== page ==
Ever since the coronavirus pandemic started, people all over the world have been forced to retreat in their homes, which have led to the abandonment of famous tourist spot destinations. These include locations where animals are mostly sought out by tourists. Now, most of them have appeared out of nowhere.
Thousands of Jellyfish raid beaches in the Philippines
Palawan is known for its beautiful and serene beaches in the Philippines. Though now, it has been deserted and abandoned due to the coronavirus pandemic, which has now enabled nature to blossom along the coastline.
Due to human activity on land, which caused them to be unseen for years, biologists have witnessed thousands and thousands of pink jellyfish on a beach in Palawan.
These creatures, nicknamed 'sea tomato,' have appeared since they now feel safe and unthreatened in their natural habitat. Sea experts have said that these jellyfish were so far deep under the ocean that was caused by the presence of the tourists above.
This was seen by a Ph.D. candidate in marine biology at Griffith University, named Sheldon Rey Boco. According to him, as told by Daily Mail, more research and study still needs to be done so they can explain and understand this anomaly more.
Reports from Newsweek have said that the video below was taken on Mar. 23 on Boco, El Nido, Palawan, specifically the Corong Corong beach.
Boco said on this Tweet along with the video that "Jellyfish certainly are not affected by #COVID19 restrictions." He also told Manila Bulletin that "These hundreds or thousands of medusae are probably present in late January or February, but because of wind, current and tidal conditions, they only seem to appear during March in Palawan."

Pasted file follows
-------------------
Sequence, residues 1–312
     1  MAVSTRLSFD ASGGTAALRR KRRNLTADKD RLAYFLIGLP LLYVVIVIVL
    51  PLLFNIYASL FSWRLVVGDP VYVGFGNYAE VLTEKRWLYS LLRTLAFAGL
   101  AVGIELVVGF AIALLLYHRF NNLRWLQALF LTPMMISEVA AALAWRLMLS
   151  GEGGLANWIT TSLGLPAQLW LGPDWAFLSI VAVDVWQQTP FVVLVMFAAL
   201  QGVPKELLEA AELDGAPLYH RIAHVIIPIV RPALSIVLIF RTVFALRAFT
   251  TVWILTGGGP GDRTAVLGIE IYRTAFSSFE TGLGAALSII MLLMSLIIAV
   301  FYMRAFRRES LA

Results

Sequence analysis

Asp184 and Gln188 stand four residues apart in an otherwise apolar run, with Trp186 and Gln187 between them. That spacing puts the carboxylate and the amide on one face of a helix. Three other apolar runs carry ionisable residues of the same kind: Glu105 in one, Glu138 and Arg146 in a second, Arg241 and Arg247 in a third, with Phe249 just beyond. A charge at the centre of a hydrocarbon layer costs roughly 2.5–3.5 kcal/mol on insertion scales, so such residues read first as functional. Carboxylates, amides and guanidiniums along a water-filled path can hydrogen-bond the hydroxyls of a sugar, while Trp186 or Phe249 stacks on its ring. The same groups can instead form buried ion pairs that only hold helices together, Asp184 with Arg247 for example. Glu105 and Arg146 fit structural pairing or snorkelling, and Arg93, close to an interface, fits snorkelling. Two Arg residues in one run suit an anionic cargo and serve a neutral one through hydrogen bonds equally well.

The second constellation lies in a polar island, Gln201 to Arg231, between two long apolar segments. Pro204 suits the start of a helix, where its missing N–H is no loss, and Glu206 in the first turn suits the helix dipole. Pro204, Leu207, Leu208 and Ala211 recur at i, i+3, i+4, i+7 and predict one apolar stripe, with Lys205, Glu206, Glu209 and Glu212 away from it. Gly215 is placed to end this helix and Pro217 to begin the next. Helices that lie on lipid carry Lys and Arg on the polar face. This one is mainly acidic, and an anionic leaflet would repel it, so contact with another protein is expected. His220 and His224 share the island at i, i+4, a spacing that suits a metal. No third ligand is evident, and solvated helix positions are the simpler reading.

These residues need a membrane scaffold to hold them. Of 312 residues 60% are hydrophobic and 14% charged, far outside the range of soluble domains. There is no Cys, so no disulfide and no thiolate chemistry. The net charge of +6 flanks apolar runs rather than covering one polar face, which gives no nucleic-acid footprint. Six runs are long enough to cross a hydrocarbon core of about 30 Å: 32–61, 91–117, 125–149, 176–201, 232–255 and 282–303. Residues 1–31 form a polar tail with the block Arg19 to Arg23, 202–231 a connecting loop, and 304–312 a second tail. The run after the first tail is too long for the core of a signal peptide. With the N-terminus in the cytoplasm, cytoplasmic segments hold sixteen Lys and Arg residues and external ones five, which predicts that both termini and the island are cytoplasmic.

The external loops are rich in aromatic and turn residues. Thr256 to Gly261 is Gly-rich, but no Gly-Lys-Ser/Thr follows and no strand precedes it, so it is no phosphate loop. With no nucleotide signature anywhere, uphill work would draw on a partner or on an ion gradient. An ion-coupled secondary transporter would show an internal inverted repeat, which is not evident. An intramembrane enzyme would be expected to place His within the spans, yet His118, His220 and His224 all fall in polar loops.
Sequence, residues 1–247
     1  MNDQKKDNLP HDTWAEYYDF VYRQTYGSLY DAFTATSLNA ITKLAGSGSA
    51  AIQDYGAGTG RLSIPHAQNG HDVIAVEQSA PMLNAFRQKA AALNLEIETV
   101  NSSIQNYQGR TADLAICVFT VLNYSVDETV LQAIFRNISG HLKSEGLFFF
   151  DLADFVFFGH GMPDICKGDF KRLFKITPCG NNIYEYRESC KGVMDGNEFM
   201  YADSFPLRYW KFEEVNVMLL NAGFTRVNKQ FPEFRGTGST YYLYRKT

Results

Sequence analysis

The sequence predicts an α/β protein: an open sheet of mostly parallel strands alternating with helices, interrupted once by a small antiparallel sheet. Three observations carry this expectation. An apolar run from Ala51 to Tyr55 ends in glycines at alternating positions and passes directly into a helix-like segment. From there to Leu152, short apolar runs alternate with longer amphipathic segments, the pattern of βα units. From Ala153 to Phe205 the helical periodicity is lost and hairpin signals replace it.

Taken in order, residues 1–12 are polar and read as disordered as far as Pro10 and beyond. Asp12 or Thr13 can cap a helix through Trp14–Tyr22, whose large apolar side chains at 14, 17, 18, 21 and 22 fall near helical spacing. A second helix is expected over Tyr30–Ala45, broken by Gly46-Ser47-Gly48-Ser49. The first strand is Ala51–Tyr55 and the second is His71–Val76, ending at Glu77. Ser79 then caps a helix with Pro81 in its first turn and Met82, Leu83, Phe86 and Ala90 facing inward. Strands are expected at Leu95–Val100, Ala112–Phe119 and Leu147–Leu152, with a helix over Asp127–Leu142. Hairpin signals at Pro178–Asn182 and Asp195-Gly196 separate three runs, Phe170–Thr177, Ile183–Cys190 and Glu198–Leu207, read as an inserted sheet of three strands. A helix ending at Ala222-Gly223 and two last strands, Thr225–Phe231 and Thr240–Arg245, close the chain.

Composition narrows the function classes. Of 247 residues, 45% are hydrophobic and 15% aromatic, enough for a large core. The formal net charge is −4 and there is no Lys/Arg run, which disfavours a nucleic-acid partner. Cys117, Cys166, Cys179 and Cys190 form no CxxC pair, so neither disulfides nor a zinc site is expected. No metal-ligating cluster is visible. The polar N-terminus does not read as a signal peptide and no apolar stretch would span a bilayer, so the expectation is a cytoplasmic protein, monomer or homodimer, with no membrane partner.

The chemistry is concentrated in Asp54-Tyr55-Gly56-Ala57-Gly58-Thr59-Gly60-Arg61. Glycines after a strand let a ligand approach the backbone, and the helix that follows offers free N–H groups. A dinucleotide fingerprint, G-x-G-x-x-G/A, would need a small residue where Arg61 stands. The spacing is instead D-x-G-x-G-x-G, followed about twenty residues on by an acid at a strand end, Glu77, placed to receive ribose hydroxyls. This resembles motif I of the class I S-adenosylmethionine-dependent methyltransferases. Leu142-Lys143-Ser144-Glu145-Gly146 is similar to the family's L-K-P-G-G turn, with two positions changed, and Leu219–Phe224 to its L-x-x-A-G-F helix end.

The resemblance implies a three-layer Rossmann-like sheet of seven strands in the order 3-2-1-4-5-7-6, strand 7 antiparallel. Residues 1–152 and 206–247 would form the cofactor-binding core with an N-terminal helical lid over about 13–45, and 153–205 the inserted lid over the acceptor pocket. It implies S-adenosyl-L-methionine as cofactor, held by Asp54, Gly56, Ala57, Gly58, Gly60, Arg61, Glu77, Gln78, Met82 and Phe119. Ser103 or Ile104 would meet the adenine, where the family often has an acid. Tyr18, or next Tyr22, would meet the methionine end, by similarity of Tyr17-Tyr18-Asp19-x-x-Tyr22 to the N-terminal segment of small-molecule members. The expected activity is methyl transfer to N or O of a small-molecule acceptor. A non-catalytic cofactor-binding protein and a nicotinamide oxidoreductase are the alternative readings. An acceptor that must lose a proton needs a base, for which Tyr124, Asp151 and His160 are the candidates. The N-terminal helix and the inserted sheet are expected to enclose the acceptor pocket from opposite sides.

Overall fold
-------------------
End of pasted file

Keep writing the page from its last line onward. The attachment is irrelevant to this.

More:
Boco added that the atmosphere, current, water velocity. And geological features of the bay can also influence the appearance of medusae and their blooms.
Jellyfish certainly are not affected by #COVID19 restrictions. Here is a bloom of #jellyfish medusae of the tomato jelly, Crambione cf. mastigophora in El Nido, S. Philippines
Alimar Amor 23 March 2020 pic.twitter.com/5avr1ptJdy — Sheldon Rey Boco (@SheldonRey) March 28, 2020
Turf War of Starving Monkeys in Thailand
Another incident where animals appear out of nowhere is this unusual monkey war that happened in Thailand's historic city, Lopburi.
According to locals in the area, this is likely to be caused bu the dip in tourism caused by the pandemic. Not a lot of tourists have been around, which means no food for the monkeys. Not to mention that markets have closed down as well.
This has caused the monkeys to go around fighting each other while looking for food. What were they brawling about? One cup of yogurt. The fight caused traffic to halt for at least 10 minutes before they went to a different area.
Monkeys fight for food in Thailand -
Video ©️ by Sasaluk Rattanachai/Facebook
Hundreds of macaques reportedly from two... Posted by Natures Gnarly on Sunday, March 22, 2020
These crab-eating Macaques were so used to being fed by human food by tourists that go around the temple every day. They even have a Monkey Buffet Festival annually where tourists make towers and towers of fruits and vegetables for the monkeys to feed on.
Later that day, residents had started to give out food offerings for the monkeys in the temple.